Article

Sand On The Wind

A Tall Tale From Africa’s Longest Left

| posted on February 27, 1987

This isn't the first, nor will it be the last board to fall victim to Skeleton Bay.

To fully appreciate the experience that is the African desert, you need to embrace it for what it is—a land of extremes. For instance, there is no need to drive at 75 mph on the sand, but that is how my mate Paul drives, straight from the airport to the point. At least we’ve shaved an hour or so off the drive, I tell myself, until he hits the e-brake at full speed and snaps the exhaust off of the manifold, turning the V8 engine into something that sounds like a monster truck. Paul loves it. He can fix the problem, but chooses, instead, to drive the car like that for the rest of the weekend. He likes the sound.

We pull up at the point and battle the ocean during the last three hours of light. They are the most incredible barrels I have ever seen…if you have the guts to go over the ledge and the concentration to stay inside one until it lets you out. Like early treasure hunters, the crew in the water gets worked more than they’re rewarded. It’s brutal. A broken foot, two broken collarbones, dozens of snapped boards, and a near broken neck are just some of the casualties of the desert. When the sun finally sets, the beers start flowing and the temperature drops rapidly. But Twiggy shows his true animal commitment. He refuses to let go. He gets his equally committed girlfriend to drive him to the top of the point well into the twilight. He’s the last man standing, threading his way through the mist, the sharks, the seals, and the endless pits. He thrives in this type of harsh environment.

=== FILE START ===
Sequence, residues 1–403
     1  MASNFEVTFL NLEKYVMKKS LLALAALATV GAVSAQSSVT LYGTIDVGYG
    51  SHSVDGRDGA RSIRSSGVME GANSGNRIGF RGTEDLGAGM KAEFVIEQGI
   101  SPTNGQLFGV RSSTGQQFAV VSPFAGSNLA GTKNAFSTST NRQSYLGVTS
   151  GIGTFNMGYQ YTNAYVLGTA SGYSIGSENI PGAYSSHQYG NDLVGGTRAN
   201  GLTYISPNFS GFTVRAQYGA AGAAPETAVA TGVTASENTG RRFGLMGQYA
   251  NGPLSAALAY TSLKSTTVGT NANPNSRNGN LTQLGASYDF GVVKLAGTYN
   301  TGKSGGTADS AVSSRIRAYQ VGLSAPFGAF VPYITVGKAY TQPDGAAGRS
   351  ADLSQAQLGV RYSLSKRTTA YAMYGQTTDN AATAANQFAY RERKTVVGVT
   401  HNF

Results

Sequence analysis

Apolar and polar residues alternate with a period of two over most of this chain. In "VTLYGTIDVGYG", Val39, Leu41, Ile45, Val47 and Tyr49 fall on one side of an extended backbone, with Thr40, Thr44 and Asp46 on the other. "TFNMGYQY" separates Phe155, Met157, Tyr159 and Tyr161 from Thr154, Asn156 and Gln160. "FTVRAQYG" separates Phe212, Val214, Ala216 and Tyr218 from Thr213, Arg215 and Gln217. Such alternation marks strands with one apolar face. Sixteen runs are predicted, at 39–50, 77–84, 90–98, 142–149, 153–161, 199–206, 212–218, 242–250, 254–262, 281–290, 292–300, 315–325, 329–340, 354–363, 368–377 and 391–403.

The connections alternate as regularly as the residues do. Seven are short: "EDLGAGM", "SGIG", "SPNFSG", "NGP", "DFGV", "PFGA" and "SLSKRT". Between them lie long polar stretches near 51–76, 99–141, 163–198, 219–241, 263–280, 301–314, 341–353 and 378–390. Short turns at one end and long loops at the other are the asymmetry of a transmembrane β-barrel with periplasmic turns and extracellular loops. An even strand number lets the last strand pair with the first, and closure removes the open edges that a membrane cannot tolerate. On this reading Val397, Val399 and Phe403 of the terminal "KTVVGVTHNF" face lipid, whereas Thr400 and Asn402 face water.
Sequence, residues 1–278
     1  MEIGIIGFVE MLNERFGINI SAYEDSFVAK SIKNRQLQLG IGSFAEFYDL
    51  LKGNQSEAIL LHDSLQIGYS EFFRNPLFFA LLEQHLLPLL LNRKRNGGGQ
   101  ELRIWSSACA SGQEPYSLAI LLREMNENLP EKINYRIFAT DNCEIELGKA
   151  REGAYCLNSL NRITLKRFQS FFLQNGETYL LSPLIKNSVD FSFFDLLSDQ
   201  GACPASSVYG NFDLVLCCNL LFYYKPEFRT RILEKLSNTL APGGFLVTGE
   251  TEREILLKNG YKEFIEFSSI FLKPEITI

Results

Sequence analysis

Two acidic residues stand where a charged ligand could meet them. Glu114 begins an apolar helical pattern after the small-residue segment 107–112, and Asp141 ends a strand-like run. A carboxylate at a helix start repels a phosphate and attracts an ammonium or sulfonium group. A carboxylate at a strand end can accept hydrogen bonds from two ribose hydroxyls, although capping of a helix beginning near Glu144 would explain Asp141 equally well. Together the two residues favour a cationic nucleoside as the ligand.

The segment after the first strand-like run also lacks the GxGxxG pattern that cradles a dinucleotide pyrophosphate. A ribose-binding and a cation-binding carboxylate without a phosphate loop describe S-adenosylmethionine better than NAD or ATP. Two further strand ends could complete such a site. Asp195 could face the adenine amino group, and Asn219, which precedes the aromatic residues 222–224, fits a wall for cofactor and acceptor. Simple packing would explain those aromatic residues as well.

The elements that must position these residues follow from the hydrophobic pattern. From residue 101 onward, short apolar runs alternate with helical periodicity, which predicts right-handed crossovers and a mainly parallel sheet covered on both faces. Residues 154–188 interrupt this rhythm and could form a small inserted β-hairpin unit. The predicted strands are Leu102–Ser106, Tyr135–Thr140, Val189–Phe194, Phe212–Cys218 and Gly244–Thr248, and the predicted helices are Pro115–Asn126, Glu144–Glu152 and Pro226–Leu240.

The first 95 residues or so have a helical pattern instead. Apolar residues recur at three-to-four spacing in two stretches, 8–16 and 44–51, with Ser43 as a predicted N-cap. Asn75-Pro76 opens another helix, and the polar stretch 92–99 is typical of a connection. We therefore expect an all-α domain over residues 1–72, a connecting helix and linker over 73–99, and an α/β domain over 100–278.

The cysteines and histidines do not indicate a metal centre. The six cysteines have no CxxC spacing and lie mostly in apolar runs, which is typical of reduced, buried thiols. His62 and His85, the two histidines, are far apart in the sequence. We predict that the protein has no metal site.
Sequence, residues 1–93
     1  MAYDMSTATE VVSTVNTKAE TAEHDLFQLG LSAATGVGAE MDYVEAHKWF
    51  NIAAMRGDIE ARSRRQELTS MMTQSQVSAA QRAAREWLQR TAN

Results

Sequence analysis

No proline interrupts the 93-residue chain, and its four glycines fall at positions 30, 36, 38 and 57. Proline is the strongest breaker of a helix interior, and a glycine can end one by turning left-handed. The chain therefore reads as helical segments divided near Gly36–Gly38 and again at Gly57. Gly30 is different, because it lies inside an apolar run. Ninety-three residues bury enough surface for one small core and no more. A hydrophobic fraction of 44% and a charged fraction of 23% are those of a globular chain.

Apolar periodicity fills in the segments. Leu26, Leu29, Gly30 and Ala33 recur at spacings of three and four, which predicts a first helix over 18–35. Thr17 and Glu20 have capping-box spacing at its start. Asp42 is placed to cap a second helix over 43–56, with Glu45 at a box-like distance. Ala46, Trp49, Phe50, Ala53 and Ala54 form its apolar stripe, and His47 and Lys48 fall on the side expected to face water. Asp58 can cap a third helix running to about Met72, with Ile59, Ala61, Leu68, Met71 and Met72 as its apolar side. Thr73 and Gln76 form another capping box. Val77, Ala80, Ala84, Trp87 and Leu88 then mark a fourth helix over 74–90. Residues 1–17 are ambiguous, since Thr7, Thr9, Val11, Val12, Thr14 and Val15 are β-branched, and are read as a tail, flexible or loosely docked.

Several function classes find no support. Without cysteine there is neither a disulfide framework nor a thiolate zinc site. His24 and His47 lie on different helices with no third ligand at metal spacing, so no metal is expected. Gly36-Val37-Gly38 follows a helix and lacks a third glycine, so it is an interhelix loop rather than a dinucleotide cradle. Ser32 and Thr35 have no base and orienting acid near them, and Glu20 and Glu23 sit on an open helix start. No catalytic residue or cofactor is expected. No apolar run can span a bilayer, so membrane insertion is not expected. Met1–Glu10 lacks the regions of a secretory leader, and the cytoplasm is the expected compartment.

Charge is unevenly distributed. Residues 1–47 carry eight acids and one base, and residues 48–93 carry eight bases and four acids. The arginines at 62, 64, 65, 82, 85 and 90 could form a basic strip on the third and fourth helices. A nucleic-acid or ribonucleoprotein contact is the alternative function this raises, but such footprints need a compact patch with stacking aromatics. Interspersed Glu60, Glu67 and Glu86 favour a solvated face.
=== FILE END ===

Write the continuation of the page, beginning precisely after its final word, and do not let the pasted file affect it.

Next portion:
Driving back at 80 mph in the dark, on the sand, I’m terrified, but I can’t fight it. I have nothing left.

At 5 a.m. the alarm rings. Paul is already making us sandwiches for the day. Coffee, eggs on toast, and it’s still dark outside. We pile in and head off into the desert. Jackals howl in the distance, hoping for something to go wrong. A killer whale has washed up on the beach. I’ve never seen an animal like this before. I feel vulnerable, a small part of the food chain.

The morning session is dominated by the goofyfooters, because it’s too fast for the backsiders as the tide drops. When the tide bottoms out, the wave still looks as beautiful as ever, but it’s almost completely unridable. To prove me wrong, South African goofyfoot Dan Redman gets a 20-second tube, kicks out, and hugs me.

“Best wave of my life,” he says.  There’s a lot of that going around.

Then the desert sun attacks us. Hours earlier, we blew smoke rings into the ice-cold air getting into our wetsuits. But now we’re baking, our skin turning the color of the sand.

Dave Weare snags a clean entry and quickly drops to the basement, gone in an instant. When he emerges from the spit he looks confused—this has never happened to him before, not for that long anyway.

Kiron Jabour and Artiz Aranburu have travelled from the opposite ends of the Earth to try their hand here. They make the most of it. Both have tube-riding techniques that need to be seen to be believed. Jabour lays back and feels the roof of the barrel at the same time. Aritz makes it through everything, and lets go and stands tall when it counts. He rides the best wave of the entire swell. It looks like he’s kneeboarding, but he’s actually just adapting his stall ingeniously for this wave. Without changing his line, he dumps half his body over the rail. As the wave swallows him, he rises over his board and stands. The wave thunders down the point.

Well overhead and well below sea level, we write it off as just a runaway. Then, 20 seconds later, he comes out, only to disappear again, and again, and again.